Long Way To Go Before Wrongs Of RTE Are Set Right, But Maheish Girri Has Taken The First Steps

by Biligiri Ranganathan and Ananth Krishna - Jul 23, 2017 03:13 PM +05:30 IST


Long Way To Go Before Wrongs Of RTE Are Set Right, But Maheish Girri Has Taken The First StepsMaheish Girri after attending the monsoon session at Parliament House in New Delhi. (Sonu Mehta/Hindustan Times via GettyImages) 
Snapshot
  • The mere introduction of a private member’s bill to amend the diabolic RTE doesn’t mean it’s going anywhere just yet.

    However, it is a relief to know that not all MPs are oblivious to the disaster that is the Right to Education law.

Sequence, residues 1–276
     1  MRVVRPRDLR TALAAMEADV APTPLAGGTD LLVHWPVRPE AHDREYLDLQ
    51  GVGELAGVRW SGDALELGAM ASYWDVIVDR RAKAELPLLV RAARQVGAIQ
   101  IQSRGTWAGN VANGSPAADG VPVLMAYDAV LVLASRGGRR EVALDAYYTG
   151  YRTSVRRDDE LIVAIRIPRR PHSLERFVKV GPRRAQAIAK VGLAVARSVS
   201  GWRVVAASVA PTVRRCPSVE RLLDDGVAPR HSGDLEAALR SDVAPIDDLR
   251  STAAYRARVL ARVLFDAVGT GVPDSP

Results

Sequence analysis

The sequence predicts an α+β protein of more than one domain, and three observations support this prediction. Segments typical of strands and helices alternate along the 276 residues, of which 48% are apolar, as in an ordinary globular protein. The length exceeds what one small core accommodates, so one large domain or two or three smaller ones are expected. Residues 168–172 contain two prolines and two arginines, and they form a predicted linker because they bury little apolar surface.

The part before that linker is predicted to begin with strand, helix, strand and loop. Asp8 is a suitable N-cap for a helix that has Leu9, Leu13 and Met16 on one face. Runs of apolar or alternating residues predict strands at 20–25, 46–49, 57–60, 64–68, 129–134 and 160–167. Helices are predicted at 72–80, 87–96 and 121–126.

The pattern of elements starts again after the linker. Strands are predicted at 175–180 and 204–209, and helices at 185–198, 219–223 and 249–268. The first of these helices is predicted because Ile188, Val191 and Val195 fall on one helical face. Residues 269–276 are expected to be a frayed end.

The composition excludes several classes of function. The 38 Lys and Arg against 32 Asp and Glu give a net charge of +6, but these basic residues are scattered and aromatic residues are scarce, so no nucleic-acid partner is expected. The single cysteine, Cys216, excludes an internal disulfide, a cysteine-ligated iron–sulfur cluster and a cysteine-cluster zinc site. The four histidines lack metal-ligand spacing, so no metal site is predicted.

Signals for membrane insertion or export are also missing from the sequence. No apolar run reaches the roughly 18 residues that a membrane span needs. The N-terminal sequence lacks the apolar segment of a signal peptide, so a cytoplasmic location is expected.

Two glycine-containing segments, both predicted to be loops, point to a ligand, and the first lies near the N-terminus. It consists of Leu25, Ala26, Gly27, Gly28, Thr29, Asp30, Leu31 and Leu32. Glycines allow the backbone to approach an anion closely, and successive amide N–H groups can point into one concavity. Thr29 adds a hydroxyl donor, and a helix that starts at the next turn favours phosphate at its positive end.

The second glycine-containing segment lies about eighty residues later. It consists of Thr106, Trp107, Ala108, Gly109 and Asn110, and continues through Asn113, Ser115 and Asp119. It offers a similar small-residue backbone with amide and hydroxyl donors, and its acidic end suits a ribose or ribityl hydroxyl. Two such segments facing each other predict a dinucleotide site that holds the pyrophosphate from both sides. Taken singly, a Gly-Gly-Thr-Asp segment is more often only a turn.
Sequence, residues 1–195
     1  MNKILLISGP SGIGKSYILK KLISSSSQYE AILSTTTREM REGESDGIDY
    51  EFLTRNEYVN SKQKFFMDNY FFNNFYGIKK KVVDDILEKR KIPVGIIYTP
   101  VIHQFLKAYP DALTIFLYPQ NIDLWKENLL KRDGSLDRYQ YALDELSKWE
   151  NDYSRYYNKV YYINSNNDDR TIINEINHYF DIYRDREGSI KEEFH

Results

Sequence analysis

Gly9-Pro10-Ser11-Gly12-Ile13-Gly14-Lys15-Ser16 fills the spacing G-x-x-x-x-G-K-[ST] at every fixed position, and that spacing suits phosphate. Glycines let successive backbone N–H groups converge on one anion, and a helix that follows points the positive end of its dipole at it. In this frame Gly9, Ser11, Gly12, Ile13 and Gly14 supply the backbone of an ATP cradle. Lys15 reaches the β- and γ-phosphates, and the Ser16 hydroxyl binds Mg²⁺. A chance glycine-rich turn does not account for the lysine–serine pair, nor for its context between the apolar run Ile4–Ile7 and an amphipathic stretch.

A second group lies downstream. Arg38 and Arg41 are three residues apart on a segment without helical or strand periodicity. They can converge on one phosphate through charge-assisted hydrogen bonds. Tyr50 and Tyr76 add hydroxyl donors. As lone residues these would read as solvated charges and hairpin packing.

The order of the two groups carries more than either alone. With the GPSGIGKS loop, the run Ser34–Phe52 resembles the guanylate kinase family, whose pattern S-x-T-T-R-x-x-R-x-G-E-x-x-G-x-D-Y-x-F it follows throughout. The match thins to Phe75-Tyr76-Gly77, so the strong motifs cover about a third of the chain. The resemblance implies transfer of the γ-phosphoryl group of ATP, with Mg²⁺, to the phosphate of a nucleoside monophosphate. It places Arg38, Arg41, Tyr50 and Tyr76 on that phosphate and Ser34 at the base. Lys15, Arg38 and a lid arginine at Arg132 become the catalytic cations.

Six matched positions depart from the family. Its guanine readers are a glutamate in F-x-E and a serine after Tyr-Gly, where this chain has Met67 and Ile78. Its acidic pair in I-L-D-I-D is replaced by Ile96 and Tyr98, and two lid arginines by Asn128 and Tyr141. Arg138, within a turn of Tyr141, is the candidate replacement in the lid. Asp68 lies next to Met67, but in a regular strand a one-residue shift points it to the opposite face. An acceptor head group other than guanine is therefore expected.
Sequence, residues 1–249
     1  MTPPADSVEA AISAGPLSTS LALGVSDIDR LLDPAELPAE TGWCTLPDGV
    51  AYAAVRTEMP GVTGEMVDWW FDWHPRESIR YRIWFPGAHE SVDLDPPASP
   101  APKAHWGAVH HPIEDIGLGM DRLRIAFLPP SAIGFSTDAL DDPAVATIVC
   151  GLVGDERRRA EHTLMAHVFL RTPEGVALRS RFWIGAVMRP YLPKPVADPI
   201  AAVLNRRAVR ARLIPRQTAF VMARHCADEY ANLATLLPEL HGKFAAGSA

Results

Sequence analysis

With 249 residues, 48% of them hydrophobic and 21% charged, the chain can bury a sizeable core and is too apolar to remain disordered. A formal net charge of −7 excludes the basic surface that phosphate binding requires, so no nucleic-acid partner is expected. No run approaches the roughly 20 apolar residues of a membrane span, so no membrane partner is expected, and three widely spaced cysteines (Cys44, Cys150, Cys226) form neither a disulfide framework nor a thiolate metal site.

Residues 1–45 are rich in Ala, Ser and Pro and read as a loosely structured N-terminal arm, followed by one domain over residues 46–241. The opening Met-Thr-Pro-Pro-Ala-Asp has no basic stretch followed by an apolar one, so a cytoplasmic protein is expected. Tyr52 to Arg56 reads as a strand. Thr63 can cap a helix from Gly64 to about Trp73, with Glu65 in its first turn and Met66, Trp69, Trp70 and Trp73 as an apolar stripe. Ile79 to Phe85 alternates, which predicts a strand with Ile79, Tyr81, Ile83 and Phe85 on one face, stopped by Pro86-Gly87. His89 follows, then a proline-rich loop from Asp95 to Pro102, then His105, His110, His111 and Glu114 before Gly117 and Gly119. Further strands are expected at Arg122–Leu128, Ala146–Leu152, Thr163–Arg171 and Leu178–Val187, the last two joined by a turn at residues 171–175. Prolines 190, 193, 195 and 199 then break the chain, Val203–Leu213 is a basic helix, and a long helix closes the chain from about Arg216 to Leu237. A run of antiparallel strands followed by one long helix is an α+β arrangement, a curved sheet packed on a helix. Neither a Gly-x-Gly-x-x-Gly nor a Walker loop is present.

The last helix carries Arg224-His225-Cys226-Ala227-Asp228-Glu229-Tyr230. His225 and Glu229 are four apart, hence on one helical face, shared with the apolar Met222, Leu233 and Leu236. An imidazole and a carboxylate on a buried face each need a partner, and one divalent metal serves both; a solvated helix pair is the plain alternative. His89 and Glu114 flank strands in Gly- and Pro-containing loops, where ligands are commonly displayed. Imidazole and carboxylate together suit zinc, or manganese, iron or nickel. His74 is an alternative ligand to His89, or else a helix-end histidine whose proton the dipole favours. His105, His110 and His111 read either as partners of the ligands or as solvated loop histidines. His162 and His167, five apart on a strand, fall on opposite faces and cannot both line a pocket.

Maheish Girri is and hopefully, continues to be one of the most active parliamentarians of the Bharatiya Janata Party (BJP). In the last three years, he has introduced 11 private member’s bills in comparison to the national average of 1.5. A year back, not many noticed that the Member of Parliament (MP) from East Delhi who also is the national secretary of the BJP, presented one such bill in the Lok Sabha to amend Article 15(5) of the Constitution, to remove the deleterious effects of the 93rd Amendment.